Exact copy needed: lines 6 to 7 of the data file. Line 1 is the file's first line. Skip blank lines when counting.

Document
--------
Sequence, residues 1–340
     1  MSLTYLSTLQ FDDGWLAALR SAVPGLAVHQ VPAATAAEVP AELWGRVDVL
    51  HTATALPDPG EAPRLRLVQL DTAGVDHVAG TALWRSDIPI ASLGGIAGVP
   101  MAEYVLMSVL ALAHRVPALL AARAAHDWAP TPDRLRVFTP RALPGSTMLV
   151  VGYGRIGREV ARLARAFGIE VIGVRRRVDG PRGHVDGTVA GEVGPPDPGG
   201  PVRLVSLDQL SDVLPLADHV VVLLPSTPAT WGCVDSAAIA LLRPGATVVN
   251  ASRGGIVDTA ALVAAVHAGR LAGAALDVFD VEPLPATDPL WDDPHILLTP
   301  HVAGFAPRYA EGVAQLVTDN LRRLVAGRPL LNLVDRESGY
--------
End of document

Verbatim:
   201  PVRLVSLDQL SDVLPLADHV VVLLPSTPAT WGCVDSAAIA LLRPGATVVN
   251  ASRGGIVDTA ALVAAVHAGR LAGAALDVFD VEPLPATDPL WDDPHILLTP